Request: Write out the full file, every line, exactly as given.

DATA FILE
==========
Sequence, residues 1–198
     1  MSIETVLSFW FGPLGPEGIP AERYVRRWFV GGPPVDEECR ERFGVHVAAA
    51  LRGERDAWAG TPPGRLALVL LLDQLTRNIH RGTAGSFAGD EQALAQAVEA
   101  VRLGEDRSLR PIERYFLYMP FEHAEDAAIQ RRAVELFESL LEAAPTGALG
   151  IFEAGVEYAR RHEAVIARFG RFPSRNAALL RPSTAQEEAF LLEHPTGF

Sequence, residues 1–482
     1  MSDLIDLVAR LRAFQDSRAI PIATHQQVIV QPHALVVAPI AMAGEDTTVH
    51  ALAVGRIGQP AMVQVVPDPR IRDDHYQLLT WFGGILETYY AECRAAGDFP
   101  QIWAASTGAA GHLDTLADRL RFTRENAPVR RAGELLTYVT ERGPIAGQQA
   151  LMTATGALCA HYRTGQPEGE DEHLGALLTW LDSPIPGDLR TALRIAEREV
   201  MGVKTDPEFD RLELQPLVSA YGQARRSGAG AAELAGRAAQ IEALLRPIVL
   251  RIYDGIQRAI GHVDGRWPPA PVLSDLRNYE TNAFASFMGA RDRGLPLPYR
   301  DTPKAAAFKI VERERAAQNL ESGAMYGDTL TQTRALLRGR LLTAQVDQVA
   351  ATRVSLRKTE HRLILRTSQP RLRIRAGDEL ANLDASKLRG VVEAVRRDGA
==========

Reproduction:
Sequence, residues 1–198
     1  MSIETVLSFW FGPLGPEGIP AERYVRRWFV GGPPVDEECR ERFGVHVAAA
    51  LRGERDAWAG TPPGRLALVL LLDQLTRNIH RGTAGSFAGD EQALAQAVEA
   101  VRLGEDRSLR PIERYFLYMP FEHAEDAAIQ RRAVELFESL LEAAPTGALG
   151  IFEAGVEYAR RHEAVIARFG RFPSRNAALL RPSTAQEEAF LLEHPTGF

Sequence, residues 1–482
     1  MSDLIDLVAR LRAFQDSRAI PIATHQQVIV QPHALVVAPI AMAGEDTTVH
    51  ALAVGRIGQP AMVQVVPDPR IRDDHYQLLT WFGGILETYY AECRAAGDFP
   101  QIWAASTGAA GHLDTLADRL RFTRENAPVR RAGELLTYVT ERGPIAGQQA
   151  LMTATGALCA HYRTGQPEGE DEHLGALLTW LDSPIPGDLR TALRIAEREV
   201  MGVKTDPEFD RLELQPLVSA YGQARRSGAG AAELAGRAAQ IEALLRPIVL
   251  RIYDGIQRAI GHVDGRWPPA PVLSDLRNYE TNAFASFMGA RDRGLPLPYR
   301  DTPKAAAFKI VERERAAQNL ESGAMYGDTL TQTRALLRGR LLTAQVDQVA
   351  ATRVSLRKTE HRLILRTSQP RLRIRAGDEL ANLDASKLRG VVEAVRRDGA